Horacio Pagani says the Huyra roadster will arrive in 2013, he might consider a less-expensive supercar for his next project, and that his first choice for naming the throat-catching Huyara was "Da Vinci."
Wait, are you saying that ancient legends of the Aymara tell us of Huayra Tata, god of wind, who commands the breezes, winds and blizzards that invade the mountains, cliffs and hills of the Andean Highlands? That is fascinating.
By now you've heard 700hp is the new 600hp, and the 6.0-liter, twin-turbo V12 is the new... oops, killed another analogy dead. Yes, Pagani's Huayra debuted in Geneva, and it looks like it wants to be anywhere but there.
A $1.5 million Pagani Zonda registered in Monaco spun out of control at 199 mph earlier this week on Italy's A10 autostrada. Miraculously, the young Italian-Argentine-German driver survived, but sadly, the black Zonda F gave its life so he might hoon catastrophically another day.
After CAR magazine put the Pagani Huayra on its cover, CarsUK unleashed this shot, showing a menacing collections of scoops, sleek headlamps and ... sorry, it's a catfish. I see a catfish. A 700-hp, one-million euro catfish. [CarsUK]
Facebook's game for the car-obsessed cubicle worker, Car Town, is adding a new digital car to help you take down that pesky McLaren F1: a Pagani Zonda. Time to get those interns to start cranking out more paint jobs.
This video appeared today at the domain Deus Venti, bearing the name of Modenadesign in the source code. Modenadesign is the company that builds the Pagani Zonda and Deus Venti means, roughly, "God of the Winds" in latin. It's on.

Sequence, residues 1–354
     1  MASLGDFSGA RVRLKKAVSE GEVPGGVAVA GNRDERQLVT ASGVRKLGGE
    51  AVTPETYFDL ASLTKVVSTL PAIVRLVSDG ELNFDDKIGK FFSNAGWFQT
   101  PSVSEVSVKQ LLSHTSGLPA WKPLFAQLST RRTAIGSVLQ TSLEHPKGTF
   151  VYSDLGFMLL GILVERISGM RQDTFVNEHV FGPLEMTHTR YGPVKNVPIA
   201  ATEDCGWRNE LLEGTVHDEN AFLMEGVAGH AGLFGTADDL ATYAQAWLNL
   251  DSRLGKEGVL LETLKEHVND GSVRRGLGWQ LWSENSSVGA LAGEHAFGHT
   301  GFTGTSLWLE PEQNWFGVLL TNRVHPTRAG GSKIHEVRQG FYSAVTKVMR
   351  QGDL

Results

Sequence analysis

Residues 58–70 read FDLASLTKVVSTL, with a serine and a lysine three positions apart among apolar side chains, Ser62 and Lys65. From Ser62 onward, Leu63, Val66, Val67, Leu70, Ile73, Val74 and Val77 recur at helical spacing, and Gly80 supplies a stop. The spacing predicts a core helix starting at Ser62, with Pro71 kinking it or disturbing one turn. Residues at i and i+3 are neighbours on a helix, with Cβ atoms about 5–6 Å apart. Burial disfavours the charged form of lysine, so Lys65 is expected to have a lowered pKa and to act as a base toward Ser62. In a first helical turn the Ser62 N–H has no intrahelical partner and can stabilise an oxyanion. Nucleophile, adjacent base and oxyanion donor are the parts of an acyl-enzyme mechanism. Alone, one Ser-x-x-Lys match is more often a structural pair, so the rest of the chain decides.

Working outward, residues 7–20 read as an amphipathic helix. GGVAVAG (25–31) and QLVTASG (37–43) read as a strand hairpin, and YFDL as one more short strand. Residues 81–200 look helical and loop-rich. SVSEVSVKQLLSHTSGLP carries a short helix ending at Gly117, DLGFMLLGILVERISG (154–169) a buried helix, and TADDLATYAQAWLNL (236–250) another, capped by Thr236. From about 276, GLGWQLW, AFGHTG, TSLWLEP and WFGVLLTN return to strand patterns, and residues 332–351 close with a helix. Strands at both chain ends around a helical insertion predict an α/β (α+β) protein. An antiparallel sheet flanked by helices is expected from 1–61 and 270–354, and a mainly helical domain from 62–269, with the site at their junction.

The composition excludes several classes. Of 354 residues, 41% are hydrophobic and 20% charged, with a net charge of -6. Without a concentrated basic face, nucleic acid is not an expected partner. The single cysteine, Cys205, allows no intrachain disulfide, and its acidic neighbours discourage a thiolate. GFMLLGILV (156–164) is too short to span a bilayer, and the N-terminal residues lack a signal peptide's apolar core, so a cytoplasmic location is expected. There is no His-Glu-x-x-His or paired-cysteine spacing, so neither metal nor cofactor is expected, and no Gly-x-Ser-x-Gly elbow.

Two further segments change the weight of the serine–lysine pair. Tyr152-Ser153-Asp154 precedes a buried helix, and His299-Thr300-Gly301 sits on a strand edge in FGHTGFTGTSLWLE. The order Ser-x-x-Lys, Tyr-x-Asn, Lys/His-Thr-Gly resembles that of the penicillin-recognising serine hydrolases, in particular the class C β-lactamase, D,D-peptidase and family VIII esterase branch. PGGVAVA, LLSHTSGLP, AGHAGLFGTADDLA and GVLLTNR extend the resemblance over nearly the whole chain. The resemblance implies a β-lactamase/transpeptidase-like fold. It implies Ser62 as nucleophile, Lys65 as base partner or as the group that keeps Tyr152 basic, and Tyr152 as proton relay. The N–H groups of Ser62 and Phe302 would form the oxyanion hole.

It's hard to grasp just how spectacular the Pagani Zonda is until you've seen one in person. They aren't automobiles, they're craft-built dream machines fantastic down to the smallest detail. Photographer Ronnie Renaldi has captured some of that magic.
The Pagani Zonda R was supposedly the last hurrah in the Zonda line, but one filthy rich American buyer's convinced them to build one more, the Zonda HH. The one-off convertible uses all the top shelf pieces and no restraint.
6:48 versus the ultimate record of 6:11 means a quasi-production car is now within 10% of the time set in the fastest Porsche sports prototype by a man who made Ayrton Senna look timid. Let’s dive into some numbers.
The test driver of the twin-turbocharged Pagani C9 prototype hopefully learned something valuable about the car's performance in the seconds before the $1.3 million Italian exotic slammed into a wall outside Stuttgart.
You're going to want to take three minutes, put down what you're doing and watch this. Pagani put together an homage to its track-day specialist, the Zonda R. It's the finest piece of product-focused marketing we've seen in ages.